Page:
A lot of ballplayers retire comfortably in sunny California. Some, the Securities and Exchange Commission believe, may be retiring too comfortably:
An ongoing insider trading investigation by U.S. prosecutors in Los Angeles is focusing on a retired, well-known baseball player and several other former athletes whose names have not yet been disclosed, said two people familiar with the situation.
The former athletes under scrutiny – mainly a group of professional baseball players – are allegedly part of what one U.S. investigatory government official described as “a loose federation of people” sharing important market-moving information about various companies before it becomes public.
Last year former Orioles third baseman Doug DeCinces got popped for $2.5 million for trading on an inside tip. I grew up with the guy, but I’m not sure that I’d call him a “well-known” baseball player, so it’s likely a bigger name than that.
Wouldn’t it blow your mind if it was Canseco? And he was playing crazy in order to hide the fact that he was masterminding a sophisticated insider trading ring? That would be pretty cool.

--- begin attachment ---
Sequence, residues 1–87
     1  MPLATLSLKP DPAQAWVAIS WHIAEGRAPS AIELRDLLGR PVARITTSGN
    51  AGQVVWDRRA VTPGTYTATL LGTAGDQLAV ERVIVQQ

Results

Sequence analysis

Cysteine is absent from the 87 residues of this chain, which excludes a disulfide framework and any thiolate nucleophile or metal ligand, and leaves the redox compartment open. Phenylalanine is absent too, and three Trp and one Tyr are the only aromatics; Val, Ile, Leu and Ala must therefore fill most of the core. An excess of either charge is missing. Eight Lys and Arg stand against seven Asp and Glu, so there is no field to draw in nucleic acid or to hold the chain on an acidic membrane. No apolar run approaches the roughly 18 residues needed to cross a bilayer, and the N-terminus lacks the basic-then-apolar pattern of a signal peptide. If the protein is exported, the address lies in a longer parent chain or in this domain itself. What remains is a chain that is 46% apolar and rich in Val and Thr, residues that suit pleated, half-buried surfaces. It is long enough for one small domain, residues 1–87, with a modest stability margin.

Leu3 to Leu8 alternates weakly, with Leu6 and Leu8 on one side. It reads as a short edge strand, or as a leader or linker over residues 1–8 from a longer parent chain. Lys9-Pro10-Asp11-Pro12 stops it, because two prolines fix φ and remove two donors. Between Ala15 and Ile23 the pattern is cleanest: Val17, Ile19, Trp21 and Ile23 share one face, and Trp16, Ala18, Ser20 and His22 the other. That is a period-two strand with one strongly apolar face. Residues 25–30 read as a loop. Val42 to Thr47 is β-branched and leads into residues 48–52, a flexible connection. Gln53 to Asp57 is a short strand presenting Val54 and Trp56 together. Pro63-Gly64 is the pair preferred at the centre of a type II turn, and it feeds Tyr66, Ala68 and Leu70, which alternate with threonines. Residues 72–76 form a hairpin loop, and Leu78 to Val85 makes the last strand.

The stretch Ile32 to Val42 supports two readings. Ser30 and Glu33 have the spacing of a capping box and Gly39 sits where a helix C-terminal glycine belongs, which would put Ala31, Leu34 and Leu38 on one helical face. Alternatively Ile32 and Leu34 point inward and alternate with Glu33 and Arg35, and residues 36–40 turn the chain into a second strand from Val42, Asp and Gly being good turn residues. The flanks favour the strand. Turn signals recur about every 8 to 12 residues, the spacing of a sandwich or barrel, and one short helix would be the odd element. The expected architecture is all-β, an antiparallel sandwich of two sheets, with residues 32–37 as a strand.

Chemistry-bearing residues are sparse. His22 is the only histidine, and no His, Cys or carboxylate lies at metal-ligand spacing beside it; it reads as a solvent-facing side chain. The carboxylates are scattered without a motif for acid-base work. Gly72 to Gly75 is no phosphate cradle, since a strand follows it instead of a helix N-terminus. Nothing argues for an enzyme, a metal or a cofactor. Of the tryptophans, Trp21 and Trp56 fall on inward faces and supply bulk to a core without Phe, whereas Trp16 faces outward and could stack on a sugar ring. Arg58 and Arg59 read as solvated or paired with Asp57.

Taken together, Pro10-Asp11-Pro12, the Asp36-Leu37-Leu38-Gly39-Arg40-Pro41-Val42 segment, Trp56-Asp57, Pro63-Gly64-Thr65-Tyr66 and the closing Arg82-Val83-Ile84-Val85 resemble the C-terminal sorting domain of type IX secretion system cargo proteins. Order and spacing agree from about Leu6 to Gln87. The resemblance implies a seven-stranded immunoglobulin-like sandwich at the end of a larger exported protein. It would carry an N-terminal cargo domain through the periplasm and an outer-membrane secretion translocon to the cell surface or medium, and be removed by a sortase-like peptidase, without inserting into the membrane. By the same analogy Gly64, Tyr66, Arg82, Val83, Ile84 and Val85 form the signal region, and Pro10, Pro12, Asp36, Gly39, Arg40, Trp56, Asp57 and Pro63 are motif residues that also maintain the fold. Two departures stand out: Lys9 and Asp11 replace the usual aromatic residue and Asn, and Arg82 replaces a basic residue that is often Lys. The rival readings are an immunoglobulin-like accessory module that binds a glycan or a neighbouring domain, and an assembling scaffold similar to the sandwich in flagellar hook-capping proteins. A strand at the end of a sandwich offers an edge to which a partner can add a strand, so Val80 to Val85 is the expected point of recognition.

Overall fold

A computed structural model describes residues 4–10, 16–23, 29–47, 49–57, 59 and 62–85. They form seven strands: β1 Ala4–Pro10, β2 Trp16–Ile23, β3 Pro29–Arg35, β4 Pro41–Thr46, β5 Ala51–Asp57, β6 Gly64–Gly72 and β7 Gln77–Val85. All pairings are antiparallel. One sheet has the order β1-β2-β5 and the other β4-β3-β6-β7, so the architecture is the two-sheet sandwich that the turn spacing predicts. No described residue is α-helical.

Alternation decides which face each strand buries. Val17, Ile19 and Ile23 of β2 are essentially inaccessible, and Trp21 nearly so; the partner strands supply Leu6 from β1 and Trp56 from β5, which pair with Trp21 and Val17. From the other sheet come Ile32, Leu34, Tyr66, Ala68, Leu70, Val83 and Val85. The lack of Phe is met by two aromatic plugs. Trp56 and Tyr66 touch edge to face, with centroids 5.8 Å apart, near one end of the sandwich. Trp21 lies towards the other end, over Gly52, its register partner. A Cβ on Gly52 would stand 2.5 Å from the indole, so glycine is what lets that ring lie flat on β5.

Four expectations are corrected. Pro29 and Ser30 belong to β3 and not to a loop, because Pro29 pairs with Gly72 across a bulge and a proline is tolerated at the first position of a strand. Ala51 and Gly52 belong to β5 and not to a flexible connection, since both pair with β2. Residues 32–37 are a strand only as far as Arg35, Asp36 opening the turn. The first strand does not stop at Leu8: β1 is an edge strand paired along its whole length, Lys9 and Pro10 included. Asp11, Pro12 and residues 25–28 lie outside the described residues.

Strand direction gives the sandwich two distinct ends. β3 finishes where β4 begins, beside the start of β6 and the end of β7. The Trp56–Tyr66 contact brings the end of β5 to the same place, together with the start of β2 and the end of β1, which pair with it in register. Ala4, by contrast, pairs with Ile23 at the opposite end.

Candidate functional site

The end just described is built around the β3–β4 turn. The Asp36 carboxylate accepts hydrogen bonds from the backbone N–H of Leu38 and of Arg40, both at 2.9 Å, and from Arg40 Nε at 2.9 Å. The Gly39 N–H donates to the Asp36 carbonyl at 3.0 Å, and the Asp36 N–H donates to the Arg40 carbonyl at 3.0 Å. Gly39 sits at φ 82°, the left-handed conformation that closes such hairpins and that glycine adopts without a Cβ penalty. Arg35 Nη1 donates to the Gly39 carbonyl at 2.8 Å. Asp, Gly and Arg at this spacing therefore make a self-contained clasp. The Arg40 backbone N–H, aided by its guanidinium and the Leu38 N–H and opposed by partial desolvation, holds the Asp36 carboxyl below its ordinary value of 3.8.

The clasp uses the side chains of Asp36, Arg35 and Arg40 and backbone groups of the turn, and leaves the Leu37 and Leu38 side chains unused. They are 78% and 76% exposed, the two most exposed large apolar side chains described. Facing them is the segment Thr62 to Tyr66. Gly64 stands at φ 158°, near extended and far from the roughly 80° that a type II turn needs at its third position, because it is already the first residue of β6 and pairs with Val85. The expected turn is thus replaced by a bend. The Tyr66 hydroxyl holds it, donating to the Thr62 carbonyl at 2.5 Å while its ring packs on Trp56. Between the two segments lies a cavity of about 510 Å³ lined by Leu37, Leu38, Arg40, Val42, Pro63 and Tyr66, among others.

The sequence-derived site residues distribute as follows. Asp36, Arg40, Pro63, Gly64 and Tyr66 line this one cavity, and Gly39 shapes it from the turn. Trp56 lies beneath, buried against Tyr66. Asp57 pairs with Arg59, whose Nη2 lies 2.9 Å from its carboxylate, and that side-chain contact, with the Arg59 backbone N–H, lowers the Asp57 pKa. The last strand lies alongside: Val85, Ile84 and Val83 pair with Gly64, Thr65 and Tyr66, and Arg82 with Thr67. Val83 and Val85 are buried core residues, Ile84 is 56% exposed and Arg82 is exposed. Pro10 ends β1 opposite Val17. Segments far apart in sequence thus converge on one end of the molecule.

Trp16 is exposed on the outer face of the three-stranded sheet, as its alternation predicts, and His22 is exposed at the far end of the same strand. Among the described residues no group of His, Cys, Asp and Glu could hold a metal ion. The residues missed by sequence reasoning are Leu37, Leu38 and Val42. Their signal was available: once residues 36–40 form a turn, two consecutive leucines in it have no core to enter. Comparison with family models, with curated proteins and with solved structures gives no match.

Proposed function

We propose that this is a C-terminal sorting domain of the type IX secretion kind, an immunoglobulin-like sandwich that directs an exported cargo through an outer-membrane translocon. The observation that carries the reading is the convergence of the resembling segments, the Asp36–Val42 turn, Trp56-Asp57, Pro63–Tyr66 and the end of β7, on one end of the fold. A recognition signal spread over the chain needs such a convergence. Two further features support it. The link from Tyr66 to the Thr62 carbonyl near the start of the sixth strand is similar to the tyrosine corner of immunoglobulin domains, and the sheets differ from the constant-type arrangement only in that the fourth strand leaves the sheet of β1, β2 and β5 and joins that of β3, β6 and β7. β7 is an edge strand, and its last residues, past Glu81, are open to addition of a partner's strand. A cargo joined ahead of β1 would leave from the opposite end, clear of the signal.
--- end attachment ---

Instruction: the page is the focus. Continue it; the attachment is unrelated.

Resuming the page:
(thanks to Dennis T. for the heads up)
The Angels signed Japanese superstar Shohei Ohtani for a $2.3 million signing bonus last weekend. They may have damaged goods on their hands. Jeff Passan of Yahoo Sports reports that Ohtani underwent a physical that revealed a first-degree sprain of his ulnar collateral ligament. As a result, he got a platelet-rich plasma injection on October 20. This was made known to teams after Ohtani entered MLB’s posting system, so it wasn’t like the Angels went into this blind.
Ohtani’s report said, “Although partial damage of UCL in deep layer of his right UCL exists, he is able to continue full baseball participation with sufficient elbow care program.” It also said Ohtani “will most likely be available to start his throwing program approximately a month from the PRP.”
Passan notes that the report also mentioned that a “small free body” floats in Ohtani’s elbow near his UCL.
Ohtani isn’t without other injuries. He battled hamstring and ankle issues throughout 2017 and underwent right ankle surgery back in October. Thankfully for the Angels, this diagnosis is about as good as it could be considering the circumstances. However, if Ohtani does exacerbate his UCL issue, he may ultimately need Tommy John surgery at some point, which would take him out of action for at least a year.